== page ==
Gambling involves risking money or property on events that are primarily determined by chance, such as casino games, lotteries, sports betting and online gambling. It is estimated that about $10 trillion is legally wagered every year worldwide. It can be a source of enjoyment and can help support a family, but when it becomes compulsive it can cause many problems.
The first step in overcoming a gambling problem is to realize that you have one. This can take tremendous courage, especially if you’ve lost a lot of money and strained or broken relationships because of your behavior. But it’s important to know that there are professionals who can help.
A therapist can teach you healthy ways to cope with unpleasant feelings, such as anger or anxiety, that lead you to gamble. A therapist can also help you develop a strong support system. They can show you healthier, safer ways to relieve boredom or socialize, such as exercising, spending time with friends who don’t gamble, taking up new hobbies, or practicing relaxation techniques.
If your loved one has a gambling problem, you can help by setting boundaries about money and credit. You can also encourage your loved one to seek counseling. It can be helpful to find a counselor who specializes in treating addiction, as they may have additional knowledge about the specific challenges associated with gambling disorder.
Pathological gambling (PG) is characterized by persistent and recurrent maladaptive patterns of gambling behaviors. It typically starts during adolescence or young adulthood and is more common in males than females. PG can affect any type of gambling, but is more likely to occur in strategic or face-to-face forms of gambling such as blackjack or poker, and less likely to occur in nonstrategic or less interpersonally interactive forms of gambling like lottery tickets, slot machines or bingo.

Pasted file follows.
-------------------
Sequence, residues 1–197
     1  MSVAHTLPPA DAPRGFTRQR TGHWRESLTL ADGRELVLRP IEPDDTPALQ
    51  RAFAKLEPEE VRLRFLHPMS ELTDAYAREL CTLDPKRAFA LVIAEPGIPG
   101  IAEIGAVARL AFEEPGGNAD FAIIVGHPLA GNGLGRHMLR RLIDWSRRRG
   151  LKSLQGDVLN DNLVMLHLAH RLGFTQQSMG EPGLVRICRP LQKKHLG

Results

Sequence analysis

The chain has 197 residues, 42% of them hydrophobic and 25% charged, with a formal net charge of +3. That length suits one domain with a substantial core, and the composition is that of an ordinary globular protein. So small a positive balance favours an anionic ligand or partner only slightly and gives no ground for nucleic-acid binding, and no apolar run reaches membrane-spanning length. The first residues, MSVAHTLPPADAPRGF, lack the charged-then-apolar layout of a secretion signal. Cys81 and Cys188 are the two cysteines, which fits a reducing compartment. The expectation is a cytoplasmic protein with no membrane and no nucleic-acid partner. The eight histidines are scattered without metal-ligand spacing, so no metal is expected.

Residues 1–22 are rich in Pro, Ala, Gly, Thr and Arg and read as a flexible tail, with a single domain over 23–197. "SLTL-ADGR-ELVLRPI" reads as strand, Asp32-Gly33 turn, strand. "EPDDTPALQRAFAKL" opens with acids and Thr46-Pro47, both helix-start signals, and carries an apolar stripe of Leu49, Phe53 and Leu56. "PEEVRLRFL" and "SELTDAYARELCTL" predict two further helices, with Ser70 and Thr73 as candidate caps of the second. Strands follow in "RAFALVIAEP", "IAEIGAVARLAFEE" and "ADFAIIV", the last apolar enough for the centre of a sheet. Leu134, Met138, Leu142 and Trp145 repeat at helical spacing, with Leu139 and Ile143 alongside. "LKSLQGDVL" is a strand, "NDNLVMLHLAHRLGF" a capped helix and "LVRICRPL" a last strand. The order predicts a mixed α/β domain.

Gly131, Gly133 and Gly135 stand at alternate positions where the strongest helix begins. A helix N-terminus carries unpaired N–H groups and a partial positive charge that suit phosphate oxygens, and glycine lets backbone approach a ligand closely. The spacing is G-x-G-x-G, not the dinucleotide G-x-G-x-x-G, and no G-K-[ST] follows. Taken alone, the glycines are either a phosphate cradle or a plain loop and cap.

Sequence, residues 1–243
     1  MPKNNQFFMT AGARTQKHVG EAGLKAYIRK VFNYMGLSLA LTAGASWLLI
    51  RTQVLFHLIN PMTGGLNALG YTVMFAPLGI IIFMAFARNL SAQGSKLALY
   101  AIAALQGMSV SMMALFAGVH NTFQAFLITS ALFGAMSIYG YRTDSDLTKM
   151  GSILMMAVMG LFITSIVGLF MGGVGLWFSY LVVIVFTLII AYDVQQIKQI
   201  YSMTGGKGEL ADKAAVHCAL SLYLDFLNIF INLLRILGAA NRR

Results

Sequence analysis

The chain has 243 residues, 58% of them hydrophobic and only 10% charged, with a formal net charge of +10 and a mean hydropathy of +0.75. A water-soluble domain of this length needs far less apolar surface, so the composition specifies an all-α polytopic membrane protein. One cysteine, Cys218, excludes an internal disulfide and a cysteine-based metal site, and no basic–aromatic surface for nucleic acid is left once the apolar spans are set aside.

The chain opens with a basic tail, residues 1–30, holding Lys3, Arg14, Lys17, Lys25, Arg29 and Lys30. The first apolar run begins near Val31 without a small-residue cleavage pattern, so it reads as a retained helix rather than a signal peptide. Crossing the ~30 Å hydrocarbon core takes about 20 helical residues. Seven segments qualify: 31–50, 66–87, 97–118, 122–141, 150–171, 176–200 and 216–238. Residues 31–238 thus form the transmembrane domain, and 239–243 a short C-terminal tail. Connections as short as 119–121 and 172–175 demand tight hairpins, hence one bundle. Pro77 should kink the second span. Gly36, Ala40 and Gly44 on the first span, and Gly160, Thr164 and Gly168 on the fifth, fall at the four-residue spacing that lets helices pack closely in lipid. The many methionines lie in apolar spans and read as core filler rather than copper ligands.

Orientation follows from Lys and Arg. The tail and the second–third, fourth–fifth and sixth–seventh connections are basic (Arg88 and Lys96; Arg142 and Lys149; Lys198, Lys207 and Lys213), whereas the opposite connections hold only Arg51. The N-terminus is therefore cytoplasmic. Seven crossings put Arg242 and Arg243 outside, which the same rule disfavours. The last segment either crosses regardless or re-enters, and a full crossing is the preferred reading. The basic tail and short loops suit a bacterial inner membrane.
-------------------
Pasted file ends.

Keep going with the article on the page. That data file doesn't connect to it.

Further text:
While it’s unclear exactly what causes a person to become addicted to gambling, researchers do know that there are several factors. They include:
The most commonly used diagnosis for problem gambling is compulsive gambling disorder, which was added to the Diagnostic and Statistical Manual of Mental Disorders (DSM) in 2000. People with this disorder have difficulty controlling their gambling and have serious consequences as a result. They have repeated unsuccessful attempts to control, reduce or stop their gambling. They may steal to finance their gambling or lie to family members, therapists, or employers to conceal their behavior.
Despite the fact that a number of psychological treatments have been developed for pathological gambling, they are not very effective. This is probably because the underlying mood disorders that often lead to gambling are not addressed. Mood disorders like depression and anxiety can make compulsive gambling worse, and they can also contribute to other behavioral problems. Medications that treat mood disorders can be very helpful in treating problem gambling. Moreover, they can decrease the likelihood of relapse. Several other treatment approaches are also being studied, including cognitive-behavioral therapy, family therapy, and peer-support programs like Gamblers Anonymous.